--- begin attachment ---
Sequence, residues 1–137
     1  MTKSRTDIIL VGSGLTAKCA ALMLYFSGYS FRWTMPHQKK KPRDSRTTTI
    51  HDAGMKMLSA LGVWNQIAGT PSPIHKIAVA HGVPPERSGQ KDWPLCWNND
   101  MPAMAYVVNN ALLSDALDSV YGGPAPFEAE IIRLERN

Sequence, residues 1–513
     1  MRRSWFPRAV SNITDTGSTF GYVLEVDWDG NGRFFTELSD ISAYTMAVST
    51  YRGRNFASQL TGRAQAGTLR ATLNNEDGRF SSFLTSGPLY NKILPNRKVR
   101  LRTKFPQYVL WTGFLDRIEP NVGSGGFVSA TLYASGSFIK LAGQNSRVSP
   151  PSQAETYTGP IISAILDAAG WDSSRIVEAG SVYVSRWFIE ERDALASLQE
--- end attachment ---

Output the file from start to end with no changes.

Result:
Sequence, residues 1–137
     1  MTKSRTDIIL VGSGLTAKCA ALMLYFSGYS FRWTMPHQKK KPRDSRTTTI
    51  HDAGMKMLSA LGVWNQIAGT PSPIHKIAVA HGVPPERSGQ KDWPLCWNND
   101  MPAMAYVVNN ALLSDALDSV YGGPAPFEAE IIRLERN

Sequence, residues 1–513
     1  MRRSWFPRAV SNITDTGSTF GYVLEVDWDG NGRFFTELSD ISAYTMAVST
    51  YRGRNFASQL TGRAQAGTLR ATLNNEDGRF SSFLTSGPLY NKILPNRKVR
   101  LRTKFPQYVL WTGFLDRIEP NVGSGGFVSA TLYASGSFIK LAGQNSRVSP
   151  PSQAETYTGP IISAILDAAG WDSSRIVEAG SVYVSRWFIE ERDALASLQE